Men's mental health should be part of youth dialogues
On Saturday, I finally attended a real men's conference in Pretoria.
After the hype of a hoax men's conference took the social media streets by storm in February, specifically on Valentine's Day, I longed for a day when young black men in particular will gather and talk about the challenges and joys of being a black man.
This was one of the most significant ways to usher in June, which is dubbed the youth month in our country.
This particular gathering of men, which didn't exclude women, was happening under the theme "Confessions of a broken man".
The theme is actually the book title of Leroy Tau's book. This book speaks about the importance of our mental health as young people (men specifically) and the scourge of gender-based violence (GBV) and his own story of being broken.
The intimate theatre in Hatfield, Pretoria, was filled by single people, young and older married couples, divorcees, and girlfriends with their boyfriends.
The common denominator to all of us is this: at some point in our lives, we have been broken by our significant others, absence of our dads and everything that caused the childhood trauma. It was either one is breaking, broken, or speaking from their healing from being broken.
As a young black man growing up in SA, I was raised in a dysfunctional (read broken) family, which is a part of a broken village, thus making the whole environment that I was raised in broken, subsequently leading to my own brokenness.
However, it has always been perceived as a weakness to show any sign of vulnerability or emotion as a man.
We were raised to be hard men. We are hard men who have to bottle their feelings to avoid being labeled "weak" or "not man enough".
But on Saturday, in an audience of almost 200 people, I stood boldly and spoke about my fears as a man.
I laid bare my brokenness. I confessed to the rage, bitterness and blame of the absence of my father in my life. I told the audience the power his absence had over me. I couldn't function effectively, because of a lot of factors that contributed to my brokenness.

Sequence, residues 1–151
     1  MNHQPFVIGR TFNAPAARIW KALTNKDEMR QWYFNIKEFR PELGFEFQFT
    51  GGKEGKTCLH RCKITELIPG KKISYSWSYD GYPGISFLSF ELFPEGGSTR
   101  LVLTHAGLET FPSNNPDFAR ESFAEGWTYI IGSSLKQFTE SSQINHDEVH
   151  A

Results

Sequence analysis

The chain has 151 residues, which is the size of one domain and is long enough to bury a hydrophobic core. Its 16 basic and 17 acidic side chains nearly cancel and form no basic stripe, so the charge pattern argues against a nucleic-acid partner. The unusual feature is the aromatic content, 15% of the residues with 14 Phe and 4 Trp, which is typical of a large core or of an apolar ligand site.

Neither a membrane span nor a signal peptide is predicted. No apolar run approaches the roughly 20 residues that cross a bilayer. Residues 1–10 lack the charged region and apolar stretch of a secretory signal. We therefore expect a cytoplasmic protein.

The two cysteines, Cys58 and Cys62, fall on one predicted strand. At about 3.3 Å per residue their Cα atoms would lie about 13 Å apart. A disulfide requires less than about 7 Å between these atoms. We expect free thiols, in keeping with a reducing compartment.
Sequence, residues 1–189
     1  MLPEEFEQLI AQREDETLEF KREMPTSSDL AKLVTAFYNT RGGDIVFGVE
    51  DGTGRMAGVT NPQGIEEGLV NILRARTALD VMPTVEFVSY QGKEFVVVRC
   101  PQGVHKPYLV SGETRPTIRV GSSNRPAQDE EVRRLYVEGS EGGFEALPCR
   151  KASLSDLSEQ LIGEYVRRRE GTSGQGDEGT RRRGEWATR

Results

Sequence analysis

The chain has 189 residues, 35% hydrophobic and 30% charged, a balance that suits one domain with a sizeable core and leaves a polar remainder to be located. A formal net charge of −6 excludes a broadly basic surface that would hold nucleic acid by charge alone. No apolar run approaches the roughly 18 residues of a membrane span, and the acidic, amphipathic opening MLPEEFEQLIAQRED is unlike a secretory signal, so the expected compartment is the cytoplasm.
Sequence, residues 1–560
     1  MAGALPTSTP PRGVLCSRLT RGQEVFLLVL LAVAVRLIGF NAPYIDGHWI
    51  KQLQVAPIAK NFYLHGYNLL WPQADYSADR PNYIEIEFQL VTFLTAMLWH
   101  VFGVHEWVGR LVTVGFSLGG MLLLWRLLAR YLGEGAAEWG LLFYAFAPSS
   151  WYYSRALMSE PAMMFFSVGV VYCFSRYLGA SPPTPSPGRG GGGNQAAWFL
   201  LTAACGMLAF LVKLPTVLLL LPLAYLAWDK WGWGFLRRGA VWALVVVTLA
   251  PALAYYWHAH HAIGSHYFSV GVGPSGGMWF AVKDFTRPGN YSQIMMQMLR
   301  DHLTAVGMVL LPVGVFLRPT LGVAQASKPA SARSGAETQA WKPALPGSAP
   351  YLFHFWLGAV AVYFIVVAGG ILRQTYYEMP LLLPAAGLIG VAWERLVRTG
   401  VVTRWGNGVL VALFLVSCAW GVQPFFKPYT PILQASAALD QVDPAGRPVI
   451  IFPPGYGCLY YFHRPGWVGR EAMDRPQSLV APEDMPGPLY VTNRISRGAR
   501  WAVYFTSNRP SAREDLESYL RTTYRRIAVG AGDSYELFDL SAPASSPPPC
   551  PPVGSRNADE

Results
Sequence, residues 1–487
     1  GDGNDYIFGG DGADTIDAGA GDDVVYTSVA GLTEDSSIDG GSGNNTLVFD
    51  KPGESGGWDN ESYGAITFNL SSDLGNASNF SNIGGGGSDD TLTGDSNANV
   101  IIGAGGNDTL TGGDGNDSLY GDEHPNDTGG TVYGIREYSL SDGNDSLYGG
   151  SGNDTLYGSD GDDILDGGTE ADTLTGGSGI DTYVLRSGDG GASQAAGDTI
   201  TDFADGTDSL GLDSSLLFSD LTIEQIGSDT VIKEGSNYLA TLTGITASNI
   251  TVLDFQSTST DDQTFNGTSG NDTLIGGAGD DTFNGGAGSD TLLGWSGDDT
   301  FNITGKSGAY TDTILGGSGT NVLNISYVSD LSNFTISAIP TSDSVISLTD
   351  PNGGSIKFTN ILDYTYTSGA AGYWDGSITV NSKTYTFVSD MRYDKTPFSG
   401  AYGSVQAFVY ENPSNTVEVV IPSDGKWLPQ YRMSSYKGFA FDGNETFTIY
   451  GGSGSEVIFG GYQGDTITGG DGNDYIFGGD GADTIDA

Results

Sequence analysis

For as long as I can remember, my father's absence is for me the genesis of my brokenness. That rejection, because essentially that is how I have viewed it, made me so scared of being rejected. And rejection was always following me.
I remember that at some point as a teenager, I would say to myself 'if my own father can reject me, I shouldn't expect people who aren't even my blood to accept me'. I rationalised rejection in a way that made me feel better.
Some of the men subscribed their brokenness to the ill-treatment served by the women in their lives. That they are labelled not man enough because they show emotion.
We also couldn't dwell on what didn't go well in our lives. Because there is an expiry date to blaming the absence of our parents, the absence of resources and our brokenness as men for things that didn't go well in our lives.
As youth conversations gain traction, may we expand the youth agenda from just talking about jobs, education, economic emancipation and getting the land. Yes, the aforementioned are important. Nevertheless, GBV is destroying us, depression is killing us (mental health), our brokenness as young men in particular is turning us into dysfunctional young people.
May we have more real gatherings of men to ensure that we deal with the issue of femicide, GBV, suicide and toxic masculinity from the root cause, which is men.
Happy Youth Month!
* Chabalala is the founder of the Young Men Movement. Follow him on Twitter @KabeloJay